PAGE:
“Because PSI is geared toward physicians, there’s almost an unwritten understanding of why you’re doing the research and that it’s for the end goal of treating our patients better. We don’t have to prove that our research has clinical relevance.” – Dr. Kim Wong
Total knee replacement is a common procedure done in many hospitals, and it is known to be associated with a significant amount of post-operative pain. Many interventions exist to address this pain, but since a myriad of techniques can be used, choosing the optimal technique can be a source of much discussion in the operating room. Local practices vary based on the location and time of team members’ training, and orthopedic and anesthesia teams may have different views of the best approach to use.
“Everyone seems to have differing opinions about which analgesic intervention to use perioperatively,” says Dr. Kim Wong, an anesthesiologist at Health Sciences North in Sudbury. “But at the end of the day, everyone wants the patient to go home with as little pain as possible and as soon as possible.”
Evidence on the subject has been definitively inconclusive so far, with mostly small, comparative single intervention studies. Dr. Wong saw the need for a larger interdisciplinary study that compared different combinations of interventions used in real world practice on patient outcomes, with the goal of providing clarity on the best approach to use.
She received a grant from PSI Foundation to lead a five-arm randomized blinded trial that involved both the orthopedic and anesthesia departments at Health Sciences North. They compared different combinations of three pain management interventions used before and during total knee replacement surgery: intrathecal morphine, femoral nerve block (a regional anesthetic injected into the upper thigh) and periarticular infiltration (local anesthetic and anti-inflammatory injected around the knee joint). They evaluated whether intrathecal morphine alone, different pairs of the interventions or a combination of all three affected time for patients to reach discharge criteria, their pain scores and their narcotics needs after surgery to control pain.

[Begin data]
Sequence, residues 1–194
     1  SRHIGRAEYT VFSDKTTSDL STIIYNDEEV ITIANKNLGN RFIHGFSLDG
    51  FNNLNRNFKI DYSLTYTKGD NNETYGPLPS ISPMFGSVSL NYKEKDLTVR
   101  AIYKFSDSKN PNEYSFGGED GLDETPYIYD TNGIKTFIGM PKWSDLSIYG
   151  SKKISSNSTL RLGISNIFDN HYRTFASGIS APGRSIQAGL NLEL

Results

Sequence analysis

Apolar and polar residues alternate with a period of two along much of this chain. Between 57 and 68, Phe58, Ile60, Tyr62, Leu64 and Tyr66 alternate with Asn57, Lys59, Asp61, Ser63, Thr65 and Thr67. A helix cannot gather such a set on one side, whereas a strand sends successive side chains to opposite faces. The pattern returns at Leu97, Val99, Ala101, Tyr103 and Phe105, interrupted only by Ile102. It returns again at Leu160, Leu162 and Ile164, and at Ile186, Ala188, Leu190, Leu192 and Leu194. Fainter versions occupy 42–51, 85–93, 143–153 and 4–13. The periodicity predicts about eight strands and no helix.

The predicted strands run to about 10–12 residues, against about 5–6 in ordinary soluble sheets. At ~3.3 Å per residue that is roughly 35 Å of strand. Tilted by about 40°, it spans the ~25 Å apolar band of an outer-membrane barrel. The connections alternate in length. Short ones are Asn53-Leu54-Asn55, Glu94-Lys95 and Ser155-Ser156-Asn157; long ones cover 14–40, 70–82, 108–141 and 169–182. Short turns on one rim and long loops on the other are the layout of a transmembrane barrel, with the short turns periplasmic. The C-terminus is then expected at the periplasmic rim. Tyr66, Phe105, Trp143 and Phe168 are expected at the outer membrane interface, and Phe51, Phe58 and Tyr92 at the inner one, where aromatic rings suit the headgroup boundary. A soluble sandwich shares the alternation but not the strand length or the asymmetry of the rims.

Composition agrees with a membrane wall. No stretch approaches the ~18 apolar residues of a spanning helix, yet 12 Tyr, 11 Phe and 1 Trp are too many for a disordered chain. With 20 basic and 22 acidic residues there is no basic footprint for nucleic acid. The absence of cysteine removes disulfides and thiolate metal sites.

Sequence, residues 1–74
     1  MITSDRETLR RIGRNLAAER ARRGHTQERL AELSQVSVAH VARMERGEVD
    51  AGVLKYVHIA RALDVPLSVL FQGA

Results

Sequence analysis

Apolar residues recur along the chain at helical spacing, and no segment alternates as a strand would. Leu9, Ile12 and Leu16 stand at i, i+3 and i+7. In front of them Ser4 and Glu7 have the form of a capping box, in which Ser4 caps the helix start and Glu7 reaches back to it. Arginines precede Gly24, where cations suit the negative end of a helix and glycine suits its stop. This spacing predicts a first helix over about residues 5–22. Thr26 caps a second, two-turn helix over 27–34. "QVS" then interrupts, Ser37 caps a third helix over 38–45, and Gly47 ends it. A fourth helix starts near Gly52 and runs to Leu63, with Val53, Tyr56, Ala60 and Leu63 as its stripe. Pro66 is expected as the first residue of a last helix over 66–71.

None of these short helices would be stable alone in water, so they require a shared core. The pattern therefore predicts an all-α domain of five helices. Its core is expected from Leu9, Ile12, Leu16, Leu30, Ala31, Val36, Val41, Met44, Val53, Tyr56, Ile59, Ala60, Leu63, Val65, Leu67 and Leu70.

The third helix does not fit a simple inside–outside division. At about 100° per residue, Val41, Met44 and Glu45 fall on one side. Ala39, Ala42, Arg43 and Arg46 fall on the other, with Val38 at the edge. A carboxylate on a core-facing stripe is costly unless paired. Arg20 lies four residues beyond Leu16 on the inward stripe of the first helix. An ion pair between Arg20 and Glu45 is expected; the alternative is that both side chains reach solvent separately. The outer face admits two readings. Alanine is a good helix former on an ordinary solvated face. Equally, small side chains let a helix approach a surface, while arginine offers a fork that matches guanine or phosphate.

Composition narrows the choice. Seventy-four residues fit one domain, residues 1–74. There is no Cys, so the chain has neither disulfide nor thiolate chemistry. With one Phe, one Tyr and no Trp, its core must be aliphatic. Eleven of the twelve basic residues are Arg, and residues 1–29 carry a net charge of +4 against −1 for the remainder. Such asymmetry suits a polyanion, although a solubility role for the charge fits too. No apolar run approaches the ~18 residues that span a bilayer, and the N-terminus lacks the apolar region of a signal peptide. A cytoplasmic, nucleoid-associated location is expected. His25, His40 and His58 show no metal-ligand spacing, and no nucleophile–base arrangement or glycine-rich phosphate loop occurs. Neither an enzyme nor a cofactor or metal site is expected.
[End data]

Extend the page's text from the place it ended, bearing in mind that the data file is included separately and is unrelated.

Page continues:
The study team found that all of the arms of the study met discharge criteria, with patients being discharged by the afternoon of the second day. But further analysis showed that any combination of two interventions had better pain outcomes than intrathecal morphine alone, though the combination without intrathecal morphine resulted in less itchiness. Surprisingly, the combination of three interventions did not result in significantly better outcomes.
“I hope the study gives surgeons and anesthesiologists comfort that they can choose the interventions that they do best, as long as they provide two,” says Dr. Wong. “In my own clinical practice, I can tailor my approach to accommodate a patient’s individual medical history with the comfort of knowing that I’m not placing them at a disadvantage of getting out of the hospital faster or with less pain.”
Dr. Wong says that it was ambitious to lead a five-arm trial with enough statistical power to be clinically relevant, and the study team did have challenges with recruitment. As a result, PSI Foundation funding was essential to the study’s success. “It allowed us to address the challenges without having to worry about stopping the study or not having a powered study that would lend less credibility to the results,” she says. “The funding allowed the financial buffer to reflect the realities of clinical research.”